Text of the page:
by another fascist psycho in a skull mask, but he does us
the honor of not making any speeches or filling panels with
Instead, Ed Brubaker devotes much of his
story to making Cap an ass-kicking investigator much like
Batman without the whole “I am Winged Death”
thing. It’s a decent characterization, but maybe a
little too dry. This Cap nicely bounces around the fence
between right and left, but the only depth we get is from
his flashbacks and nightmares of World War II. It’s
better than what we’ve had over the last couple years,
yet still not quite there.
Steve Epting brings a fantastic look to
the franchise, and Michael Lark’s flashbacks are spot-on,
but I’m afraid nothing will ever excite me as much
as John Cassaday’s work on the last volume. This new
series has some strong creators. No denying that. But what’s
so exciting about another Red Skull story with Bucky flashbacks?
The overall result is better than mediocre, but we’ll
have to see some big developments in the next few issues
for it to be much more. As is, I don’t anticipate
more than another decent Captain America run that ultimately
won’t change the status quo.
I picked up Desperadoes: Banners of Gold #1,
I was expecting an out and out Western. The realistically-styled
art painted some beautiful faces and stark backgrounds while
the dialogue hinted at a natural attempt to capture the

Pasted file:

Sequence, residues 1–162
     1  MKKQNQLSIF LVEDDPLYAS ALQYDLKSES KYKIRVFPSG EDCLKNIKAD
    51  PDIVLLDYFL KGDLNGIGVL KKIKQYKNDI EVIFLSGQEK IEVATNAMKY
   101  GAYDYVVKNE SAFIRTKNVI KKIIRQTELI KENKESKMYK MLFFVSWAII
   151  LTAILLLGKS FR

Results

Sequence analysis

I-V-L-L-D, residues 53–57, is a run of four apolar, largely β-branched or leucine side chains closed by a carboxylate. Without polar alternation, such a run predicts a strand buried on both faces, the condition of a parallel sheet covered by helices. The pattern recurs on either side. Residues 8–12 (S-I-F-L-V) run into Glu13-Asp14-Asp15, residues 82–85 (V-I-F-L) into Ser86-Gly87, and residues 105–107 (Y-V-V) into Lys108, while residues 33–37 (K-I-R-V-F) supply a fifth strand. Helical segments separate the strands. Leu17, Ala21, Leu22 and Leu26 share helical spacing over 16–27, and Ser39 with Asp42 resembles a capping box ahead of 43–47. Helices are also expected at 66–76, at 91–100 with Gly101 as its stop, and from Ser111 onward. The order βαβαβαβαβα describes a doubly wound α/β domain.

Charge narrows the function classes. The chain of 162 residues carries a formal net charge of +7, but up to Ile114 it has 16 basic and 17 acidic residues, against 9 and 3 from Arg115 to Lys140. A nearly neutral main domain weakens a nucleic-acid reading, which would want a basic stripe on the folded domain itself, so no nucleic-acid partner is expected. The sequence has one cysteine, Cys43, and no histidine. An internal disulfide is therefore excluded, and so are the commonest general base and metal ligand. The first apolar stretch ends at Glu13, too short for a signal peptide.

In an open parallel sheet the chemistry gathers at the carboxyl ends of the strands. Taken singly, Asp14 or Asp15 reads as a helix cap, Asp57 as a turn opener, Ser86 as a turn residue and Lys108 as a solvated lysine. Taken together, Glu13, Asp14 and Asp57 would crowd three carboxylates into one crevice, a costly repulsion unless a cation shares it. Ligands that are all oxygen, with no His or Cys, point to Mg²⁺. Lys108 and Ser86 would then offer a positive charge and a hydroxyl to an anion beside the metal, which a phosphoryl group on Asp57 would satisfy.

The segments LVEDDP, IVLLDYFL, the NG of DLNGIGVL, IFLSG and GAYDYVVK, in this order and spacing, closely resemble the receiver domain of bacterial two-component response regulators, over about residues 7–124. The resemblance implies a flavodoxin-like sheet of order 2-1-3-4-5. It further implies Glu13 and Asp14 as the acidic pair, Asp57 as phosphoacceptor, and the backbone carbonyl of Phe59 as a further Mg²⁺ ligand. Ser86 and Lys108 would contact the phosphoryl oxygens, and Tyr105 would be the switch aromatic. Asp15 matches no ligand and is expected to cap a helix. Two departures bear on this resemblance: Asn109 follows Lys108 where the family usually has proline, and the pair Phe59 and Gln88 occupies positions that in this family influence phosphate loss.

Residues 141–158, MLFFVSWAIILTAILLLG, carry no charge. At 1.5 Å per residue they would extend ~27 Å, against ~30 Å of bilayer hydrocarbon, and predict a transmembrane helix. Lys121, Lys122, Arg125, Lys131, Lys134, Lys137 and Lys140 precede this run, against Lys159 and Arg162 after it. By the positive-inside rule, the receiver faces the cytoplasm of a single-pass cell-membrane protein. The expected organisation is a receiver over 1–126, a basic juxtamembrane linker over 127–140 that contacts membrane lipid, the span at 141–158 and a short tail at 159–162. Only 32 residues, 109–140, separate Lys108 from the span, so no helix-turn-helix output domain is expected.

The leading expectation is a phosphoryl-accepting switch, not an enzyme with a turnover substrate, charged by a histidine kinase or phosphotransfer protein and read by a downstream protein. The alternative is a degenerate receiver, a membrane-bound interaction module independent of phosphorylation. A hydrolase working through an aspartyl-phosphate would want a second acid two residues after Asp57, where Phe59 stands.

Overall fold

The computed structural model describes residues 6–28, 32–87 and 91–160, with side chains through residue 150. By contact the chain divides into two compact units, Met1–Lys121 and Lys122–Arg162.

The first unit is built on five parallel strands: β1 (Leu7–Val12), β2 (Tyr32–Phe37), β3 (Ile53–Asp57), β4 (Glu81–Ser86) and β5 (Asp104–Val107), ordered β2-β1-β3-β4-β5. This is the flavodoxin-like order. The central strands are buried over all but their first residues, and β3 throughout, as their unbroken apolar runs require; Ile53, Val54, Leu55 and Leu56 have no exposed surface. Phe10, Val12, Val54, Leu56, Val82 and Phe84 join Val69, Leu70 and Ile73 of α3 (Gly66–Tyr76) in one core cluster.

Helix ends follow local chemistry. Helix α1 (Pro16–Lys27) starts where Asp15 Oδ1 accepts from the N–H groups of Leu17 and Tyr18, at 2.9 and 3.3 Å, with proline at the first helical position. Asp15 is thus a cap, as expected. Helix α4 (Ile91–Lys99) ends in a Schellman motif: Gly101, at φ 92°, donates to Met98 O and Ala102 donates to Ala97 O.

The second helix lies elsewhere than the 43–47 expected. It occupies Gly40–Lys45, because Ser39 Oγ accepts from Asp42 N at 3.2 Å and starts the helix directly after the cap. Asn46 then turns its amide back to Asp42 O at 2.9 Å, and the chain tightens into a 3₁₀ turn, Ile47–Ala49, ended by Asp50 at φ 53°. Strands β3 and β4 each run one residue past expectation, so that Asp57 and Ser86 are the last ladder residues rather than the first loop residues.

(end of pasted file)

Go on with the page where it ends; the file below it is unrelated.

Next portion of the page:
Old West. By the end of this issue, I found even more.
it's an IDW comic --
where's the horror?
giving too much away, I can tell you this book focuses on
a group of gunslingers who’ve worn out their welcome
in the Arizona territory and are hired by a woman to provide
escort through New Mexico, where they’re even LESS
welcome. The next morning they learn not only will they
be shepherding an entire wagon train, but their charges
happen to be a group of mystics. And, of course, things
go from bad to worse when they travel through some spiritually
this issue never shows any ghosts or supernatural activity
whatsoever. It’s subtle to a fault, making the opening
pages somewhat tedious but building the story toward an
ending that would be trite anywhere else but, in this case,
leaves the reader wanting more. Smartly, the authors then
follow with a listing of previous Desperadoes miniseries,
saving us the trouble of playing catch up when this one
begins yet also demonstrating storytelling clear enough
to suck us right in.
I’m just finding myself surprised to find a well drawn
(thanks to the pencil of Jeremy Haun) cowboy story that
works (thanks to the pen of Jeff Mariotte), but Desperadoes:
Banners of Gold is one I have to recommend. This issue
barely gives us a taste of what’s to come, but I already
know I want more. It certainly isn’t the usual disappointing
Four: Foes #1, unfortunately, is the typical
Robert Kirkman/Marvel experience: There’s some wit,
some dredging up of old storylines and characters, and some
gut feelings that the miniseries will ultimately go nowhere.
Kirkman starts out his story from the perspective
of a normal guy who just happens to work in the Baxter Building,